The United Church of Christ has incorporated many diverse groups in its long history. Chapter 8 tells about a group—the Schwenkfelders—that seriously considered becoming part of the United Church of Christ but never did. Descendants of a sixteenth-century German reformer, they came to Pennsylvania in the colonial era and have been good neighbors to the German Reformed people for centuries.
Reformed hospitality, however, did result in a formal connection between the United Church of Christ and the Hungarian Reformed people. Chapter 9 explores the Hungarians' history in the United States and their independent status as the Magyar Synod of the Evangelical and Reformed Church. Within the United Church of Christ the Calvin Synod, a conference without geographical boundaries, continues to support UCC churches of Hungarian Reformed origins.
Chapter 10 returns to the story of women in the churches. This chapter explains how independent boards and organizations for women in the four denominations that formed the United Church of Christ provided a special power base for women at the turn of the twentieth century. It argues that these churchwomen changed the mission movement, helped women around the world, and set the stage for great changes in women's lives in the twentieth century.
The last chapter in the book, chapter 11, explores the development of Japanese Congregationalism in America. From Neesima Jo, who smuggled himself out of Japan in 1864, to the concentration camps of the 1940s and into the post-World War II period, the story of Japanese participation in the United Church of Christ is impressive.
Any examination of "hidden histories" is a mixed blessing. On the one hand, learning these stories is disturbing. Preconceptions and assumptions are stretched and challenged. This experience is painful, because these histories show how deeply captive the church is to cultural patterns of ethnocentrism, racism and sexism.
On the other hand, studies of this type highlight the strengths of pluralism. There is power for the entire church in knowing these stories; and for those who stand outside UCC historical orthodoxy these histories bring justice. The United Church of Christ seeks unity within its diversity. Only as it is able to locate, preserve, and share the fullness of that diversity will it be enabled to embrace the oneness of Christ.
Tips on choosing a Bible for children
Your children will probably go through four to six different Bibles between the day they're born and the day they leave home. This is not only practical, since their reading skills, comprehension levels, and interests change, but it also encourages children to see that they are progressing in their knowledge of God.
In the past, choosing a Bible or Bible storybook for children was a relatively simple task because the choice was limited. Times have changed. Now there is a dizzying variety of Bible storybooks and regular Bibles to choose from. They all come with illustrations, study notes, and other special features. But which one is the best one for your child? Here are some general tips to help you make your choice:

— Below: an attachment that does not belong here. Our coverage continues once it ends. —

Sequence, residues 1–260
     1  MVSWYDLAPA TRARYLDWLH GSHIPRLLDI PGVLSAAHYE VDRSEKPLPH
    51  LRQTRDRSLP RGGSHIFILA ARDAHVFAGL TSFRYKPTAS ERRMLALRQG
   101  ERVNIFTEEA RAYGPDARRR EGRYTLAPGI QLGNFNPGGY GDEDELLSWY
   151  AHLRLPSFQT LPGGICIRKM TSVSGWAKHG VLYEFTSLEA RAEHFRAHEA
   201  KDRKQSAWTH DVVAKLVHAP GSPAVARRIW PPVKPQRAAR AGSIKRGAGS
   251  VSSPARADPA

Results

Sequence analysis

Each of your children should have his or her own Bible. Owning a Bible shows them how important God's Word is and how it should always be on hand as the practical guidebook for life.
Let your children have a say in choosing what type of Bible to buy. Ownership in this decision will increase their interest in reading it.
When your children are old enough to want a whole-text Bible, choose a translation that uses modern language. Some versions are deliberately made for children's use. If you're not familiar with the various modern translations, pick out a few verses from different parts of the Bible and compare how they read in different versions.
Finally, look for children's and teens' Bibles that contain the whole text of the Bible as well as additional materials to help your children understand and apply what they read. Choose a Bible with all or some of the following features: a simple concordance, explanatory notes in the text, introductions to each book of the Bible, maps of Bible lands, cross-references, and Bible facts or trivia.
Here are a few hints for choosing a bible storybook or a Bible by age group
Preschool: Buy a Bible storybook, with simple illustrations, that covers key Bible stories and has a small number of simple words per picture.
Beginning Readers: Choose a storybook that contains simple illustrations and more stories than a preschool storybook. It is best if beginning readers have a storybook that takes two pages or more to tell each story.
Grade Schoolers: Fewer pictures, more words is the key at this level. Make sure the illustrations are interesting and up-to-date. Simple Bible reference lists and an index are also good features to look for at this age level.
A prayer for the family
God of all birthing, God of all living, God of all dying, hear our prayers this day.
We pray for our families, in all their complex and wondrous forms, for families of our origin and for those of our choosing.